Reason #2: Separated Bike Lanes
From a numbers perspective, Vancouver’s separated bike lanes have been a huge success, and continue to be even as the weather cools. However, that hasn’t stopped some hotheads from turning bike lanes into a political issue.
Vision Vancouver deserves full credit for having the courage and conviction to create not one, not two, but three separated bike lanes in downtown Vancouver. They’ve also doubled the cycling budget, added traffic calming to residential neighbourhoods (especially along bike routes), and tendered an RFP for a bike share program.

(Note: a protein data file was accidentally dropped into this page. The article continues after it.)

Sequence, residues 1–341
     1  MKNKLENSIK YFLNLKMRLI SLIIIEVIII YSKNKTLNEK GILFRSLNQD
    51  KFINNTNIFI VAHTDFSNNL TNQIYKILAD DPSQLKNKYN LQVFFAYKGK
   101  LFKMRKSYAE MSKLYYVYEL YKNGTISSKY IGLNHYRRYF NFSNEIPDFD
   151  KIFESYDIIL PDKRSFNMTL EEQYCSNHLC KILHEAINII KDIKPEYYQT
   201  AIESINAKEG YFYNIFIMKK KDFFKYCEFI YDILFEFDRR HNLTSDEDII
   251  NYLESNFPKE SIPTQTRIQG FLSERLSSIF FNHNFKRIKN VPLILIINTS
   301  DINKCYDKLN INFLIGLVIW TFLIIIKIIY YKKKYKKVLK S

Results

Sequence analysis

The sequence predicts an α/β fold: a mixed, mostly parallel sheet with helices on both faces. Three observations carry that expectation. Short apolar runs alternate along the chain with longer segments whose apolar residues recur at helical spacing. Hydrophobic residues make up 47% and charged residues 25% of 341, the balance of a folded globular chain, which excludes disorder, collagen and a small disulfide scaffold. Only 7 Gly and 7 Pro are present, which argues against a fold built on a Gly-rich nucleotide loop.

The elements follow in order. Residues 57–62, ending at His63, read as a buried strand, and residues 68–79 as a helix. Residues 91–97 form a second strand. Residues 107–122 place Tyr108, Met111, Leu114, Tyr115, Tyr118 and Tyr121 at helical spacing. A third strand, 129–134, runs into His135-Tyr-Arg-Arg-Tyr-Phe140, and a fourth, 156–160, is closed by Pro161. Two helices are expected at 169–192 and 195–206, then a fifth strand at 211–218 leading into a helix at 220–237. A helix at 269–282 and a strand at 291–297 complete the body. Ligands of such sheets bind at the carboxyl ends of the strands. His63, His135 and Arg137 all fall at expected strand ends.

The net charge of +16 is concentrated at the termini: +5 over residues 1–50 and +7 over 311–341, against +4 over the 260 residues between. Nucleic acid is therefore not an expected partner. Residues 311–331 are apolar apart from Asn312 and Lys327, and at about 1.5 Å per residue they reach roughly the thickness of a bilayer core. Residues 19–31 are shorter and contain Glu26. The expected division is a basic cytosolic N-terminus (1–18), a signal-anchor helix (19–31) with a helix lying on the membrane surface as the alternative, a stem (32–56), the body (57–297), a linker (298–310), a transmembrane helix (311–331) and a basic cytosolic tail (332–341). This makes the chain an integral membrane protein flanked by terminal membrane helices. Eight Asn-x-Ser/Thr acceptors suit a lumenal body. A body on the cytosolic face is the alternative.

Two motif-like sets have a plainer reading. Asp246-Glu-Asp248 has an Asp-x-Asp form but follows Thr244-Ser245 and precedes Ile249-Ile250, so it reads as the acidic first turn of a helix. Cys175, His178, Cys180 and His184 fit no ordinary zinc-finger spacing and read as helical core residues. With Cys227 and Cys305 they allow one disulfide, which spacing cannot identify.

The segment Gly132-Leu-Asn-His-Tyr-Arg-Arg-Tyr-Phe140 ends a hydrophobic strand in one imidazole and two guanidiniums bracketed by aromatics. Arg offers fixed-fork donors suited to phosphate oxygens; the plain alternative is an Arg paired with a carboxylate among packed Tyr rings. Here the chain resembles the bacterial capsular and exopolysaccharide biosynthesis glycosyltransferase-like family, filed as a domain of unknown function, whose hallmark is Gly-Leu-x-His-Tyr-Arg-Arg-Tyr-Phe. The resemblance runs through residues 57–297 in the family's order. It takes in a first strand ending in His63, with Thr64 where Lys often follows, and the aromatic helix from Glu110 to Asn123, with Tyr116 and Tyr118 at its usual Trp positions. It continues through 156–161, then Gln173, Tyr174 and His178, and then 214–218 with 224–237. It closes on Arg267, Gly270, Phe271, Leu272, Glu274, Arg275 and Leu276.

It’s difficult to pin down the NPA’s position on bike lanes. Suzanne Anton originally voted in favour of the bike lanes, but later rescinded her support. The NPA takes offence at being labelled as anti-cyclist, but have suggested a moratorium on downtown bike lanes, ripping out bike lanes, removing bike lanes during the winter, and licensing cyclists. I’m not sure how to classify their plans as anything but anti-cyclist. They need to read this post: Debunked: Arguments Against Cycling.
The future of Vancouver’s cycling infrastructure will be one of the largest outcomes of this election. If the NPA wins, we could lose the separated bike lanes in the downtown. If Vision wins, we will likely see more bike lanes, a bike-share program, and a continued shift away from automobiles.